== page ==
Many girls in the U.S. may be entering puberty at younger ages now than in previous decades, and obesity appears to be the major factor contributing to this shift, a new study finds.
The researchers looked at more than 1,200 girls ages 6 to 8 in the San Francisco area, the Cincinnati area and New York City, and examined them multiple times between 2004 and 2011. Entering puberty was defined as the age at which a girl's breasts started to develop.
The results showed that white girls entered puberty on average at 9.7 years old, which is three to four months younger than the average age reported by scientists in a 1997 study, and much younger than the average age suggested by data from the 1960s.
Black girls started puberty at 8.8 years old on average, which was not different from the results of the previous study. The average age of entering puberty for Hispanic girls was 9.3 years, and 9.7 years for Asian girls, the researchers found.
In line with previous studies, the researchers also found that obesity was strongly linked to early puberty, and girls with higher body mass indexes (BMIs) were more likely to have reached puberty at younger ages, according to the study published today (Nov. 4) in the journal Pediatrics.
"The influence of BMI on the age of puberty is now greater than the impact of race and ethnicity," said study researcher Dr. Frank Biro, a professor of pediatrics at Cincinnati Children's Hospital in Ohio.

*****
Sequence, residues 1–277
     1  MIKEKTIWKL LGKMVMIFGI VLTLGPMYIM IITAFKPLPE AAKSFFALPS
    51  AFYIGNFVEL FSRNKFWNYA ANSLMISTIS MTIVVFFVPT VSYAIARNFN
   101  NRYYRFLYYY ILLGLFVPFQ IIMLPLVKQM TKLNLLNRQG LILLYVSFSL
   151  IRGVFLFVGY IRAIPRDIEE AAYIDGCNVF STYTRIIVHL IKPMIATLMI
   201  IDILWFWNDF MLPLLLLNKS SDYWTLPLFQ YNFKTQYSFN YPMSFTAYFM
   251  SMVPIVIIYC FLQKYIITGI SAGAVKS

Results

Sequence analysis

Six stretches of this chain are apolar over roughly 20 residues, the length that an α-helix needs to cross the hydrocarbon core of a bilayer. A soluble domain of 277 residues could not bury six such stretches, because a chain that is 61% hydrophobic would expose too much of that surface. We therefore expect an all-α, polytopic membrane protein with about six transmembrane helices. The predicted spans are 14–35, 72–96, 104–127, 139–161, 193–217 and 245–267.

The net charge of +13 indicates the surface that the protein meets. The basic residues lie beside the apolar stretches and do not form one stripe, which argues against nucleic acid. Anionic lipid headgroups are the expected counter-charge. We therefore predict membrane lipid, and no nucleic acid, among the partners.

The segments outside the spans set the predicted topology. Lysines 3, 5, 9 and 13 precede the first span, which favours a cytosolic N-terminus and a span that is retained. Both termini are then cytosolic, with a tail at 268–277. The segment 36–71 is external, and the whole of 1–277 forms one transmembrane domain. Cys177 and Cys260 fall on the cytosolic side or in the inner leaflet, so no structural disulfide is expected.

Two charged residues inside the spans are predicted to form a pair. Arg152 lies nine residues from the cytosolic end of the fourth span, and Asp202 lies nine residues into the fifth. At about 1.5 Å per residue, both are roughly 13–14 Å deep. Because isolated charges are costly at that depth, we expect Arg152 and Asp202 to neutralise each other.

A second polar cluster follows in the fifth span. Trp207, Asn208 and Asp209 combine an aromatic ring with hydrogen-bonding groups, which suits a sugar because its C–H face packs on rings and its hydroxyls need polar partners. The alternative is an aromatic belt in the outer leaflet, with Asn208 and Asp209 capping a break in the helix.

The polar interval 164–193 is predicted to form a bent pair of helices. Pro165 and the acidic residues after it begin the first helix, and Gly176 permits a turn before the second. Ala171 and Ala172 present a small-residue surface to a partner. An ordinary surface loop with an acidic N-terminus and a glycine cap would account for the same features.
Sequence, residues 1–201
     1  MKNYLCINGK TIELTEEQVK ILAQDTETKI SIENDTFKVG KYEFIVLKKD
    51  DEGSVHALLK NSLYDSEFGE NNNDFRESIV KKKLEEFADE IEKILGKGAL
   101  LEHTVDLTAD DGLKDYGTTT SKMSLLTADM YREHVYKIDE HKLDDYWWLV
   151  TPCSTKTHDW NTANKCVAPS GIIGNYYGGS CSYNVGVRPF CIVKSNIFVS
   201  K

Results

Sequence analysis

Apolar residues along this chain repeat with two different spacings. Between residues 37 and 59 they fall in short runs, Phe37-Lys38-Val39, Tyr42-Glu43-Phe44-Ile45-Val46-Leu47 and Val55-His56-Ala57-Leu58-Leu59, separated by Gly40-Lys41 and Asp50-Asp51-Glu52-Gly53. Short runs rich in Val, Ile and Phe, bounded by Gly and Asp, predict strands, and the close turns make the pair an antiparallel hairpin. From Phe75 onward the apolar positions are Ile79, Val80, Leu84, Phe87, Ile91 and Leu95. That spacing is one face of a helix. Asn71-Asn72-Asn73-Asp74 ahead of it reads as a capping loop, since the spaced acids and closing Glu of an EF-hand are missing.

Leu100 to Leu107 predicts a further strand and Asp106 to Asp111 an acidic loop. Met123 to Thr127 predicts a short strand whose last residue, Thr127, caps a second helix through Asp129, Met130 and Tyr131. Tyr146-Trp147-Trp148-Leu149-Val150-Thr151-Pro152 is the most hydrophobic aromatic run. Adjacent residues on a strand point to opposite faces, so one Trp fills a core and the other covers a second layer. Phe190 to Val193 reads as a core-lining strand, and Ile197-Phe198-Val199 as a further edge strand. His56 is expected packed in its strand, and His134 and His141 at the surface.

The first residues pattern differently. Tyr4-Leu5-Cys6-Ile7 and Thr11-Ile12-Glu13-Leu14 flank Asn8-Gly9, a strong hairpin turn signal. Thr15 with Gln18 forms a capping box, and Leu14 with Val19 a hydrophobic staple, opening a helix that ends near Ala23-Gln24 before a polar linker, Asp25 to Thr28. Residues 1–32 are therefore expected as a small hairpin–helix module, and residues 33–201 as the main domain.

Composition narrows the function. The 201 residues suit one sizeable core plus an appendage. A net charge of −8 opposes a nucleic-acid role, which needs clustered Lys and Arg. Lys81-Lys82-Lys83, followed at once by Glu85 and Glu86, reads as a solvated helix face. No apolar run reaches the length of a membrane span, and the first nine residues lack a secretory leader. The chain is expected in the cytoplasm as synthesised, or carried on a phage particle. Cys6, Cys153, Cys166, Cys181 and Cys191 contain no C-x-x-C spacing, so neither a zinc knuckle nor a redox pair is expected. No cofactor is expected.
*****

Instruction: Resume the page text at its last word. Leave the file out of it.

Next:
"These girls were born and raised in the midst of an obesity epidemic, Biro told LiveScience. "This is yet another impact of obesity epidemic in this country."
Multiple studies, including some done in other countries, have reported children starting puberty earlier, the researchers said. For example, a 2009 Danish study reported girls experienced breast development nearly a year earlier than those born 15 to 16 years prior.
"With each new study in the past two decades, we hope the age of 'early puberty' has bottomed out," Marcia Herman-Giddens, a researcher at the University of North Carolina in Chapel Hill, wrote in an editorial published with the new study in Pediatrics.
"When each 'new study' has been published, however, we find the trend toward early puberty has continued," Herman-Giddens wrote.
Earlierdevelopment of breasts may not necessarily mean a shift in the age of the first menstrual period, the researchers noted. That has to be determined in future studies.
Several factors besides obesity may affect girls' development as well. Today’s children may be less active, and consume fewer fruits and vegetables than those born in the previous decades.
Diets high in meat and dairy products, along with high-stress families, hormone-laced hair products and insulin resistance are among other factors that could be leading to earlier puberty, Herman-Giddens said. [12 Worst Hormone-Disrupting Chemicals]
“Each individual girl is exposed to multiple factors in today’s environment, many not present decades ago, that may potentially influence her pubertal onset,” Herman-Giddens said.
However, it’s not clear how these factors interact to affect puberty, she said.
Regardless of the causes of the trend, earlier maturation may have long-term medical consequences, Biro said. Studies have suggested girls who mature earlier have a higher risk of developing high blood pressure and type 2 diabetes later in life.
Earlier maturation may have social consequences too, Biro said.
Biro said, "There's a greater mismatch now between how [girls] look, and how they behave and how they interact with other people."
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